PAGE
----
He even showed great generosity by, before the quake, summoning up dark clouds that rained heavy raindrops. Two great rainbows were seen, one of which appeared divided, and fire was seen from the south-west, at the very moment of the quake, such as had not been experienced since ancient times. (T-S 18J3.9 recto lines 20–22)

And Solomon suggests that God’s mercy extended to his actions after the event:

And the great miracle (והנס הגדול) was that all the days that the people were cast out into the open and in the streets, no rain fell. (T-S 18J3.9 recto line 30)#2

Following this, he says גם מושל העיר עם עושי מלאכת המלך תקעו להם אהלים חוץ למדינה (T-S 18J3.9 recto line 31).#3

Detail of T-S 18J3.9

After I had produced my translation of this line, I checked it against the various other translations. The earliest is Mann’s, and he renders it: ‘Also the governor of the city, with the men in the Caliph’s employ, pitched tents for themselves outside the town’ (Mann 1970 [1920–22]: i 158). Mann’s interpretation implies that the Muslim rulers made to look after themselves, thus somehow magnifying the scale of the disaster visited upon the Jewish population of Ramla with their apparent indifference to the suffering around them. Is this necessarily the correct interpretation of the text, given the immediate context of that sentence in the letter? Solomon is referring to the ‘great miracle’ that occurred, sparing the Jews from further suffering, but then he chooses to refer to the authorities’ cold indifference?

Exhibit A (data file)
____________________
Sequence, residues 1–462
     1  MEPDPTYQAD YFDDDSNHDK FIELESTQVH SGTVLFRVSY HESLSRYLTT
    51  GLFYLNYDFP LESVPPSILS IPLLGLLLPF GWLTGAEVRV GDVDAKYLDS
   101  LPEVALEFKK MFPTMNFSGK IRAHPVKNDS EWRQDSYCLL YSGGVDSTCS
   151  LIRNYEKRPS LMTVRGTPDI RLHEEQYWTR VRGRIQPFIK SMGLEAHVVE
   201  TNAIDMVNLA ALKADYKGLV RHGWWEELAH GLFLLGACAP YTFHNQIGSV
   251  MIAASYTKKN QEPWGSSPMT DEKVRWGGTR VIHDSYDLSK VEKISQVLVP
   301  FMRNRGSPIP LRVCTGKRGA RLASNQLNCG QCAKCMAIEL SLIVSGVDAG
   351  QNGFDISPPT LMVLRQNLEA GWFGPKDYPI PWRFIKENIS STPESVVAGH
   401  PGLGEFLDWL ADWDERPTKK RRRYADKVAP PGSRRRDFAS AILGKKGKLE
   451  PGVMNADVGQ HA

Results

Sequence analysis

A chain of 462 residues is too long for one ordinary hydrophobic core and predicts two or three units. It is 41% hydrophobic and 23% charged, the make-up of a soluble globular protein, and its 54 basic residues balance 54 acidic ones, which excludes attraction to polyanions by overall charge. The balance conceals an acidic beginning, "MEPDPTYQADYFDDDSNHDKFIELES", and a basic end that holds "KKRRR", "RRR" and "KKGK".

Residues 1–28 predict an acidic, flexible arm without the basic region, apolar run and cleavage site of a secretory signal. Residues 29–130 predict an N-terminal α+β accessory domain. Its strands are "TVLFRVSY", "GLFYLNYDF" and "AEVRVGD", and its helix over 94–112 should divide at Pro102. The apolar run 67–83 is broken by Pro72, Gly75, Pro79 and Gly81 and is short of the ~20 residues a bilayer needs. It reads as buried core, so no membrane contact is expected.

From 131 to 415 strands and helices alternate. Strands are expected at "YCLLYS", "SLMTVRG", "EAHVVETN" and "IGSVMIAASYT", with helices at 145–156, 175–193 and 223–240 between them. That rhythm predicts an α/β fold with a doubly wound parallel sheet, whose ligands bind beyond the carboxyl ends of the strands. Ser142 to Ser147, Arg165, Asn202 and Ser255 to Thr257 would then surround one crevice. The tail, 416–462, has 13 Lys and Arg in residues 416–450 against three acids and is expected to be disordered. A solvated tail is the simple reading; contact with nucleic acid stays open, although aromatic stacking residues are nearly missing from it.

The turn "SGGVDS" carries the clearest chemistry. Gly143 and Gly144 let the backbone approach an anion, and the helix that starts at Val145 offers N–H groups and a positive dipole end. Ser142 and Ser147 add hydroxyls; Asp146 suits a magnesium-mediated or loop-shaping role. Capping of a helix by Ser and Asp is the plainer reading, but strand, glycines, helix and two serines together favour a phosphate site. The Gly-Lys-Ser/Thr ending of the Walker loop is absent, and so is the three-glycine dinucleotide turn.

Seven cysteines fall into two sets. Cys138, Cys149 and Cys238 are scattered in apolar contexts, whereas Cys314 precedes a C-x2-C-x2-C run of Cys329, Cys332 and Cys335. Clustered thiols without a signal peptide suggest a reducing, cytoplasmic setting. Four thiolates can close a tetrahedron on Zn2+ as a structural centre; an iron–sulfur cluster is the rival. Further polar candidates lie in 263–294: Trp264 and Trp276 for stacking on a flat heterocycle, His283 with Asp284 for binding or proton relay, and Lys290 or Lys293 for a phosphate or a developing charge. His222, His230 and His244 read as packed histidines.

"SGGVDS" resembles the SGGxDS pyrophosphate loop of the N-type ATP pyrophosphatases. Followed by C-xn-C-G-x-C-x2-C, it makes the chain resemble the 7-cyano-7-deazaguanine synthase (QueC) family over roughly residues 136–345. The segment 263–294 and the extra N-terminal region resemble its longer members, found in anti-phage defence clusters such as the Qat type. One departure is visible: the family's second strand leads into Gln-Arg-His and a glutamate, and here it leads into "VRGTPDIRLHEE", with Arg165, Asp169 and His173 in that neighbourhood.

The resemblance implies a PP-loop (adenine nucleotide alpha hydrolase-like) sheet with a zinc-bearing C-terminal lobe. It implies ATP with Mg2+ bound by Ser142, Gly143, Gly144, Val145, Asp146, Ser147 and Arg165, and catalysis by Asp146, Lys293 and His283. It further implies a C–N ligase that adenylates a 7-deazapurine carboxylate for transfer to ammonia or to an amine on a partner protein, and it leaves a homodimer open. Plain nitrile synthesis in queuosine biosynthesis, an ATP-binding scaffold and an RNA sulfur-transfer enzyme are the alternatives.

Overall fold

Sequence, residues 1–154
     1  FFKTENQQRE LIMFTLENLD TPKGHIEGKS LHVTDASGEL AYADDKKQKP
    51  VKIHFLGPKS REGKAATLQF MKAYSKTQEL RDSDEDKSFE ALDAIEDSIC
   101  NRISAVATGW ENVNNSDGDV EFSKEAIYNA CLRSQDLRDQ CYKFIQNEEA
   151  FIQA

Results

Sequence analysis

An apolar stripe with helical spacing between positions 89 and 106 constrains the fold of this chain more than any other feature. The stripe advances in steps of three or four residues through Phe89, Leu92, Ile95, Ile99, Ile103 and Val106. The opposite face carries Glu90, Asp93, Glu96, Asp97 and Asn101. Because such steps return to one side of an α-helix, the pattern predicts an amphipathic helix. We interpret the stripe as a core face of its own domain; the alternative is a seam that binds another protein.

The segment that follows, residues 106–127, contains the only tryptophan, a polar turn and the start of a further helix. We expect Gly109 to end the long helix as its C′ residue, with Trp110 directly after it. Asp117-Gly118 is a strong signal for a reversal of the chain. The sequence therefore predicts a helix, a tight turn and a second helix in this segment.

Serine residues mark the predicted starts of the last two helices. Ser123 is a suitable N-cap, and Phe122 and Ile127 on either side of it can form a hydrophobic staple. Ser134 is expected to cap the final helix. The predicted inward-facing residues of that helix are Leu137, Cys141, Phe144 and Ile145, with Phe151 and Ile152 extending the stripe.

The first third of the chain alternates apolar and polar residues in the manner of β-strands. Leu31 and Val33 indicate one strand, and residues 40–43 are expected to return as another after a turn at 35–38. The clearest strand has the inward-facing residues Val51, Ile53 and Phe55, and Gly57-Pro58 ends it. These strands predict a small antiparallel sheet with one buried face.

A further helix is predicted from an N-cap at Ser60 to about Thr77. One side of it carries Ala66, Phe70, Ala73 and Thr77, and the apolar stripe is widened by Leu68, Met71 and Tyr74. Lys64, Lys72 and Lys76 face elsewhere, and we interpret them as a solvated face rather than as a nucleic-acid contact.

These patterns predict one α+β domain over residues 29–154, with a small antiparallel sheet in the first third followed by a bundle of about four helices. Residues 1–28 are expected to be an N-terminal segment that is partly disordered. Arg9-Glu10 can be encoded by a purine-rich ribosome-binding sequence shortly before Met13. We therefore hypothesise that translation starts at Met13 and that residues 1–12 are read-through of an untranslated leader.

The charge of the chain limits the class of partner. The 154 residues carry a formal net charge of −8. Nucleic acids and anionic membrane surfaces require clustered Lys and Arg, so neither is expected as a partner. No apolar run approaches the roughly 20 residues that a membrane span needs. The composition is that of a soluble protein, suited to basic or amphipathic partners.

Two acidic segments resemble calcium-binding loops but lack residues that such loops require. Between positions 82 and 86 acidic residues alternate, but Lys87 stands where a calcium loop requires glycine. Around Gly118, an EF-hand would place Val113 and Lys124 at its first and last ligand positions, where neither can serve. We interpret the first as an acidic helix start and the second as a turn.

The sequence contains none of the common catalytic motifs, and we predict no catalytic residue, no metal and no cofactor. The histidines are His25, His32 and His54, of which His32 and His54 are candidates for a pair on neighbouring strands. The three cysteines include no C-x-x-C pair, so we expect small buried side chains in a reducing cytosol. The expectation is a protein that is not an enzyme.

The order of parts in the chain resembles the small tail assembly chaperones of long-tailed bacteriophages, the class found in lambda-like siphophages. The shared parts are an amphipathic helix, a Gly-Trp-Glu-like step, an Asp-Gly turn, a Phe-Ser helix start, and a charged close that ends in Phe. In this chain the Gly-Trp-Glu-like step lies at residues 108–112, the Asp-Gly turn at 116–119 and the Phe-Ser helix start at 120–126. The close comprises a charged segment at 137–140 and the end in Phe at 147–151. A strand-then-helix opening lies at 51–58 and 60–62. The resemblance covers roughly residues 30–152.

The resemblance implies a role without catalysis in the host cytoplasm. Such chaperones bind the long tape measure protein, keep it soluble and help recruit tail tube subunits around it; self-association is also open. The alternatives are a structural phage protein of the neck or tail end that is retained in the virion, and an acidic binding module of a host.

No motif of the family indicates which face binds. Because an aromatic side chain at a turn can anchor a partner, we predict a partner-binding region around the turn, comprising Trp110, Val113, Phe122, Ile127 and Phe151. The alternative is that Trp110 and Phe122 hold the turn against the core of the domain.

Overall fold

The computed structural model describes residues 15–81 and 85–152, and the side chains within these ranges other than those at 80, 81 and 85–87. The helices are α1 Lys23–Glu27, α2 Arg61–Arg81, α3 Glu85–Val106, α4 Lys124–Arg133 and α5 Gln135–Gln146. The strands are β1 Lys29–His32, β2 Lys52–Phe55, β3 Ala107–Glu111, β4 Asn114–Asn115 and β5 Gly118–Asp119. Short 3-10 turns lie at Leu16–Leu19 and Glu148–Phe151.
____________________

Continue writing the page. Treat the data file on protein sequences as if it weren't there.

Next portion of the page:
Checking further, I found that the other writers on this letter all follow, consciously or not, Mann’s interpretation:

  • Kobler (1952, i 132): ‘The governor of the city, also, and the men in the Caliph’s employ, pitched tents for themselves outside the town’
  • Gil (1983, i 329): ואף מושל רמלה והחיילים (׳עושי מלאכת המלך׳) הקימו לעצמם אוהלים
  • Goitein (1988: 64): ‘Also the governor of the city, with the men in the Caliph’s employ, pitched tents for themselves outside the town’
  • Gil (1997: 399): ‘and even the governor of Ramla and his soldiers (‘the king’s men’) set up tents for themselves’
  • Gil (2004: 174): ‘Even the city’s governor and those in the king’s service erected tents outside the city’

I believe that the context of the sentence suggests another interpretation, however. Solomon is talking about a merciful act — the failure to rain — and the גם, especially when rendered ‘moreover’, offers a further act of mercy. Moreover, Gil’s modern Hebrew rendering, הקימו לעצמם, draws attention to the ambiguity of the original letter's להם, since he translates it unambiguously with the Modern Hebrew reflexive pronoun עצם. Now, Biblical Hebrew lacks a dedicated reflexive pronoun and the preposition ל can be used with a reflexive sense, eg, ויבן לו בית ‘and he [Jacob] made for himself a house’ (Genesis 33:17), though נפש is also sometimes used, eg, אל תשאו נפשתיכם ‘do not deceive yourselves’ (Jeremiah 37:9). Mann and the others follow BH syntax and choose to understand להם as a reflexive. However, Solomon is not writing Biblical Hebrew (BH) but Medieval Hebrew (MH), and it follows the post-biblical trend of preferring a dedicated reflexive pronoun (or circumlocution). While BH has נפש, MH, like Modern Hebrew, uses עצם; a few examples from the 11th century:

  • Solomon b. Judah (Palestine, T-S 13J9.2) בוכה על עצמי ‘crying for myself’
  • Samuel ‘the Third’ b. Hošaʿna (Palestine, T-S 16.68) ולא יטריח הוא על עצמו ‘and not to trouble himself’
  • Jacob ha-Kohen b. Isaiah (Yemen, T-S 16.255) והשפלתו לעצמו ‘and his modest view of himself’